Playing host for the 13th edition of the Pravasi Bharatiya Divas convention, the Karnataka government is eagerly showcasing itself as the leading facilitator for disruptive and emerging technologies in the country. Speaking at a plenary session of the three-day event, Karnataka IT, BT and Tourism Minister, Priyank Kharge said that the state was eager to grow beyond its IT and ITES tag to reposition itself as a next-generation technology hub.
In keeping with this desire to reposition itself, he said, the flagship programme of the IT/BT department, the 2016 edition of BengaluruITE.biz was given the theme of “Define the Next”, to focus on, “creative, disruptive and emerging technologies – Internet of Things, Artificial Intelligence, Robotics, Aerospace, Cybersecurity, Big Data Analytics, Machine Learning among various other verticals. We have taken a call to ensure that we emerge as innovation leaders right from agriculture to aerospace,” the Minister said.
He pointed out that Karnataka contributes one-third of the IT exports of the country, employs close to 10 lakh people directly and over 30 lakh people indirectly, and attracted nearly 25% of IT investments in the last financial year from both public and private sectors across the country. Besides this, he added, Karnataka is the second-largest chip-manufacturing, chip-design hub, houses more than 60% of India’s biotech companies and generates close to 26% biotech revenues of the country. The state is also an emerging animation, visual effects and gaming hub and has 22% of the gaming companies in India housed in Bengaluru, he said.
Observing that Karnataka was the first state to draft a multi-sector policy, he added that the state was not only encouraging innovation and entrepreneurship, but also acting as an angel investor through the Idea2POC initiative. The initiative had already received 200 applications for funding in various verticals including IT, electronics, agriculture and tourism, and 40 of those were slated for funding, he said.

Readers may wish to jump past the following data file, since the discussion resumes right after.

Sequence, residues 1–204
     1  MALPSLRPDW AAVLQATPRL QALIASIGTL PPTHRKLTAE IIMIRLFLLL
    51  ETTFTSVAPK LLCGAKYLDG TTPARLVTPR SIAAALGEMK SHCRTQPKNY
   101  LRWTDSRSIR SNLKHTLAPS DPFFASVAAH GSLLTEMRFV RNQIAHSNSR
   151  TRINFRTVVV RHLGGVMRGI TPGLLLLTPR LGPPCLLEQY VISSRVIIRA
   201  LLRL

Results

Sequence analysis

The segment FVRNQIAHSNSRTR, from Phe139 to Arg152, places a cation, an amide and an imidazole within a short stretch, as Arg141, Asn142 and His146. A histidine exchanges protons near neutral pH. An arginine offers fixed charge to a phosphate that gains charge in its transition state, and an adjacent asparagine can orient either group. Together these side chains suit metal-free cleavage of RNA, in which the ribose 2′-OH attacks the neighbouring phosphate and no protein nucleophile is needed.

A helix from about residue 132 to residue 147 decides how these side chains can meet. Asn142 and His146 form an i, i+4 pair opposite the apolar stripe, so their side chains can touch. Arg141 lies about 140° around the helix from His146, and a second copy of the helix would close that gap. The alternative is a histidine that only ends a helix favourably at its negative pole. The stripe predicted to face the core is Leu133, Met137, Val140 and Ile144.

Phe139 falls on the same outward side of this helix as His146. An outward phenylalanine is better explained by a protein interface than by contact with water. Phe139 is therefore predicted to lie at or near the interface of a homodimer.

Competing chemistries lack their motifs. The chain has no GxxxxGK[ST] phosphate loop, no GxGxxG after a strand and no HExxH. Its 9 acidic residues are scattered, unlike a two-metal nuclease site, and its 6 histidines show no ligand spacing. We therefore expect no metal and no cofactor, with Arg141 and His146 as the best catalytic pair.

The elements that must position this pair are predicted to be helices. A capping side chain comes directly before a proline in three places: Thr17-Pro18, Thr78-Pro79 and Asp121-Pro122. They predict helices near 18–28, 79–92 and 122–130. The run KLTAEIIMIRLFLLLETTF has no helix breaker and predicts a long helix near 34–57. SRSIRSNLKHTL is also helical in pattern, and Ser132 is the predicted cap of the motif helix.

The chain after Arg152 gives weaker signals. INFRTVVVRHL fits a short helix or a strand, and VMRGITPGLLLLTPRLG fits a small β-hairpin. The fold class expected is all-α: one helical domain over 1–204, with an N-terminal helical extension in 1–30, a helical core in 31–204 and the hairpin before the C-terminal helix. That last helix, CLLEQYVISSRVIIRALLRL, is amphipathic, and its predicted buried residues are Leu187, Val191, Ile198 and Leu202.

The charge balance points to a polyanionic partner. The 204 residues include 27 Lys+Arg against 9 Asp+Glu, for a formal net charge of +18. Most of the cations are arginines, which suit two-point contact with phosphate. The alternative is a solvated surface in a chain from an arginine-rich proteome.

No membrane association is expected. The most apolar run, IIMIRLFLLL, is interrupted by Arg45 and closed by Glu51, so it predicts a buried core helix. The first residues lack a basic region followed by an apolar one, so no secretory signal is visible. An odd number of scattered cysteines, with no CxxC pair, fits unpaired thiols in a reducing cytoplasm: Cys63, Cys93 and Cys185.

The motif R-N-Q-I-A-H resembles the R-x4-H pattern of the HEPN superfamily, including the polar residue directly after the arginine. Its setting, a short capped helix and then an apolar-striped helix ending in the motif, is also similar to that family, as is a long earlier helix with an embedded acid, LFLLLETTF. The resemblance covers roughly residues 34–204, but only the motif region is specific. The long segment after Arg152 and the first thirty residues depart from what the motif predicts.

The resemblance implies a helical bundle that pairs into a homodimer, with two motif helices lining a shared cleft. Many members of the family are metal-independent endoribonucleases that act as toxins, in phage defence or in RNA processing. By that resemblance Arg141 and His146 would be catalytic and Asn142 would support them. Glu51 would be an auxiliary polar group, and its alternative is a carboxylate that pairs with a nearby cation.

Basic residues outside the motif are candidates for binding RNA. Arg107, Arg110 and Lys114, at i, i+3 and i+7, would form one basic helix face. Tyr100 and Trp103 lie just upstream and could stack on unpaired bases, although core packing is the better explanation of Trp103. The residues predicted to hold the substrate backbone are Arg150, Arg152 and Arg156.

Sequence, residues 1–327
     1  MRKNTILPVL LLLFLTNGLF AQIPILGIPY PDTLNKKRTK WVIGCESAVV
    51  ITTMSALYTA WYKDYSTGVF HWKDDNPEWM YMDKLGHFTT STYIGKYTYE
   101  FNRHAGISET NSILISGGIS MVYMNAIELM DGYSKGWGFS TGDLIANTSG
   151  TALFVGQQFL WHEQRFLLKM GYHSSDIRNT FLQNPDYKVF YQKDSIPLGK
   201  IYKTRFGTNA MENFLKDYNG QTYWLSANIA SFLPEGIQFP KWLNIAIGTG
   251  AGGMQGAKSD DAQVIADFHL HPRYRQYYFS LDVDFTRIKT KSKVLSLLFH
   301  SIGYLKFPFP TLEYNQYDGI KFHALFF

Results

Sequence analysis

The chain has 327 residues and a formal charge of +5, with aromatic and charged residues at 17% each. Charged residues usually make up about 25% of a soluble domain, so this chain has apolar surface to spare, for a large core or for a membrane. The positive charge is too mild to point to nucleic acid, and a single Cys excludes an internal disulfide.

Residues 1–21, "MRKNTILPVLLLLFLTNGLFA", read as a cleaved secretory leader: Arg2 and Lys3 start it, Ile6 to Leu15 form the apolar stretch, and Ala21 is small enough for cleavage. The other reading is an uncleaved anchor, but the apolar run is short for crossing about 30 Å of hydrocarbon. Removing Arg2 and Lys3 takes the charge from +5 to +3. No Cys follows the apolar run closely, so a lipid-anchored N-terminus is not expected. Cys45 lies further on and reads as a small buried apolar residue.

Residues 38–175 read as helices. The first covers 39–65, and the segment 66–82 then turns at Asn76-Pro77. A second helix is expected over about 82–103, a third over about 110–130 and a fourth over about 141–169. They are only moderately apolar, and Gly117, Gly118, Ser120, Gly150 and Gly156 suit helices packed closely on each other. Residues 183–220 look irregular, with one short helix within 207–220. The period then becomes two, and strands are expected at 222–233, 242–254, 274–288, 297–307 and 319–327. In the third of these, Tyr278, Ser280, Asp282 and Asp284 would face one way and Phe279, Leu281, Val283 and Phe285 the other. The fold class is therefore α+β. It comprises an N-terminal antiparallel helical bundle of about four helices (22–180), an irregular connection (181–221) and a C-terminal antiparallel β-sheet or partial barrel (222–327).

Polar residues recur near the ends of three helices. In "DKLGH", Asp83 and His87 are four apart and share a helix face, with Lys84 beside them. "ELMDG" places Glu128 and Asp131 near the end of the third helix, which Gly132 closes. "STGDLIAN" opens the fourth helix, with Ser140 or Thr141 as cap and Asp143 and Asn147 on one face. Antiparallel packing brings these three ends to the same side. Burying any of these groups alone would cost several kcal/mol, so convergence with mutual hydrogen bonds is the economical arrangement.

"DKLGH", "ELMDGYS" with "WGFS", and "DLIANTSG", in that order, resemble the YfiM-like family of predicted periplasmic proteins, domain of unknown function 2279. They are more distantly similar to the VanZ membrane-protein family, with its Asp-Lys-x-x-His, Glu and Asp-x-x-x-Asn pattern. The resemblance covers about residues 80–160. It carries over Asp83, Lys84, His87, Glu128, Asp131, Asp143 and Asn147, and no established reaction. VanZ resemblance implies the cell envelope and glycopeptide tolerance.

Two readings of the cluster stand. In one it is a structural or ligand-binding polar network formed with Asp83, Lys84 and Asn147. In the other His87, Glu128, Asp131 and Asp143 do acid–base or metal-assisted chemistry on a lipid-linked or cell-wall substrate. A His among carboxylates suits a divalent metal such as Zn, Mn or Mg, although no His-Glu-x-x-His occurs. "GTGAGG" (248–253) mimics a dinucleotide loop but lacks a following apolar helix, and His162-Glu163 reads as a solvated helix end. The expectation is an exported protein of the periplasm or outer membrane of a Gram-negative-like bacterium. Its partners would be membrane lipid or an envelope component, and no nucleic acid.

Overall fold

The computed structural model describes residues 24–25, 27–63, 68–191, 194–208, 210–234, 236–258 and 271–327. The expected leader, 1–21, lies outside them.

Stating that Karnataka was focused on disruptive, creative and emerging technologies because it was determined to be the thought leader for the next generation of emerging technologies, Kharge gave the example of an initiative for incorporating technology in tourism.
With the intention to “figure out what are the new technologies available in the sector of tourism and how a traveller can actually benefit from technology,” the Tourism Department issued a call for start-ups in this sector to receive funding for their ideas. “We had the call-out for two weeks and we had to shut it down after ten days. In 10 days, we got 127 start-ups registering with us, saying we have the best idea in the tourism vertical,” he said.
Of the 127 applications received, 51 were curated, 12 were shortlisted, and finally eight companies were given the go-ahead to receive funding for their innovations. “Lot of people think that governments are not accessible. This is how accessible the government of Karnataka is and this is how disruptive we are.”
He added that the government was funding start-ups in multiple sectors in terms of brand or equity, and intends to mobilise Rs 400 crore for this purpose under the Innovate Karnataka initiative. “We’ve also launched a biotech venture fund of Rs 50 crore, and India’s first animation and gaming venture fund of Rs 20 crore. This will also include visual effects, gaming and comics. This is probably the first time in India that something like this venture fund is being floated,” he stated.
He added that while Karnataka is home to 4,900 start-ups according to the Global Start-ups Ecosystem Ranking Report of 2015, “Under our multisector policy we are aiming at stimulating growth of 20,000 tech start-ups, including 6,000 product start-ups by 2020.” The government had also set up a Centre for Excellence in Internet of Things, and was in the process of setting up a Centre for Excellence in Aerospace with funds of Rs 20 crore, and will set up other Centres for Excellence for big data sciences, cybersecurity, machine learning and artificial intelligence, he said.